# Overview for Create 2-Level Factorial Design (Default Generators)

Use Create 2-Level Factorial Design (Default Generators) to create a designed experiment to study the effects of 2 − 15 factors. With a 2-level factorial design, you can identify important factors to focus on with further experimentation. When you create a design, Minitab stores the design information in the worksheet, which shows the order in which data should be collected. Once you have collected your data, use Analyze Factorial Design to analyze the data.

For example, a group of engineers plans an experiment to investigate the effects of three factors on the warping that occurs in a copper plate. They create a 2-level factorial design by specifying the design information, including blocks and center points, in Minitab.

This Minitab worksheet shows a portion of the design. The engineers perform the experiment by collecting data using the order shown in the RunOrder column, which contains the randomized order of the runs.
C1 C2 C3 C4 C5 C6 C7 C8
StdOrder RunOrder CenterPt Blocks Temperature Copper Content Size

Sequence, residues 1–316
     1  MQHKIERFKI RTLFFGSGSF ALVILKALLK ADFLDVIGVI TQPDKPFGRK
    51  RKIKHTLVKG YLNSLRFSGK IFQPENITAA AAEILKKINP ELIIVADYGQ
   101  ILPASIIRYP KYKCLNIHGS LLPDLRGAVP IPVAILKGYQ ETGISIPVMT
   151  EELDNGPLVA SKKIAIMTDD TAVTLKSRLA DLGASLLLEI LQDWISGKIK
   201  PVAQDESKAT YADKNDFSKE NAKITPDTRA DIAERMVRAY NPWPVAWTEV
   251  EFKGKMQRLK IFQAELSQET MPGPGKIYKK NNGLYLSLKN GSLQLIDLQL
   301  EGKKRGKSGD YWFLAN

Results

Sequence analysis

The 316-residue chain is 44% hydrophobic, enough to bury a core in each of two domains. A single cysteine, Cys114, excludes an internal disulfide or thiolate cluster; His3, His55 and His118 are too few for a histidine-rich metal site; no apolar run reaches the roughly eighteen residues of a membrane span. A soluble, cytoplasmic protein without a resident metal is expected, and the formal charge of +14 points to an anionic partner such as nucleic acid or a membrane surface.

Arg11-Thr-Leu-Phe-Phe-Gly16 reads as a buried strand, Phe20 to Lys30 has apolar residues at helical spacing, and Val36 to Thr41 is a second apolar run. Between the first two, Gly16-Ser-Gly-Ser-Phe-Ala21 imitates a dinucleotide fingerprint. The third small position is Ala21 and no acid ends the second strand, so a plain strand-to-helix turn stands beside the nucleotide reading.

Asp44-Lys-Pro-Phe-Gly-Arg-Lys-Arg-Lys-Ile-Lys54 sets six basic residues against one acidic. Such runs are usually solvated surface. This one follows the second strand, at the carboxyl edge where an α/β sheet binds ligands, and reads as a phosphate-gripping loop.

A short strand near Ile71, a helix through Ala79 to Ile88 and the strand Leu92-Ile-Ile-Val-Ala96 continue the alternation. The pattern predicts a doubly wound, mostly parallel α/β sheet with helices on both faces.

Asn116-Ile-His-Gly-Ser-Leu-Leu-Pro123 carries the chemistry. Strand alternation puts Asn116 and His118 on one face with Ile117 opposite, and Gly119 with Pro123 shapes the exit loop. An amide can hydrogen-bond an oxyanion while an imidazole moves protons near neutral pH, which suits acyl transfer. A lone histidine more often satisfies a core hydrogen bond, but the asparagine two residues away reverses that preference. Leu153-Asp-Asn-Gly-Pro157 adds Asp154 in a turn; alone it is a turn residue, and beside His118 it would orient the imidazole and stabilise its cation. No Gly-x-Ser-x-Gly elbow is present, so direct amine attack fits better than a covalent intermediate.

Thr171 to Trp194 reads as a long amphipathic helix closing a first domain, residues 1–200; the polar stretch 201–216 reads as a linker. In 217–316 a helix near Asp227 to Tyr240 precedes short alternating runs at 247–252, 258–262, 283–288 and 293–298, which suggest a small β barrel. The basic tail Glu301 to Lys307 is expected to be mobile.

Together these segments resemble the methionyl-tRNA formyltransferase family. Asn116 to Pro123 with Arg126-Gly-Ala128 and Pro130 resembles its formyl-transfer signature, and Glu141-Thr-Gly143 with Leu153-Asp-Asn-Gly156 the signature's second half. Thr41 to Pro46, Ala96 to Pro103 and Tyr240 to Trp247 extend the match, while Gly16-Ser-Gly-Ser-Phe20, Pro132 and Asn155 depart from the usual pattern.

12 1 0 2 75 0.8 0.50
10 2 1 2 100 1.0 0.75
8 3 1 2 50 1.0 0.25
9 4 1 2 50 0.6 0.75
11 5 0 2 75 0.8 0.50
7 6 1 2 100 0.6 0.25
2 7 1 1 100 1.0 0.25

After collecting the data, an engineer enters the response data in an empty column in the worksheet and then analyzes the design.

Many of the choices you make when you create a design depend on your overall experimental plan. For more information, go to Phases of a designed experiment.

## Where to find this analysis

Stat > DOE > Factorial > Create Factorial Design

## When to use an alternate analysis

• If you already have the factor columns in a worksheet, use Define Custom Factorial Design. Custom designs let you specify which columns are the factors and any other design columns that you already have.
• If the focus of the experiment is the main effects of the factors rather than the interactions, consider using Create Plackett-Burman Design , which is suitable for handling a large number of factors in a small number of runs. Additionally, if you have more than 15 factors, you can use a Plackett-Burman design which can fit up to 47 factors.
• To include a factor that is difficult to randomize due to time or cost constraints, use Create 2-Level Split-Plot Design.
• If you have a categorical factor with more than 2 levels, use Create General Full Factorial Design or a response surface design. You can also use a general full factorial design to create a 2-level full factorial design with 8 or more factors.
• To explore possible quadratic effects while also identifying the most important factors early in the experimentation process, use Create Definitive Screening Design.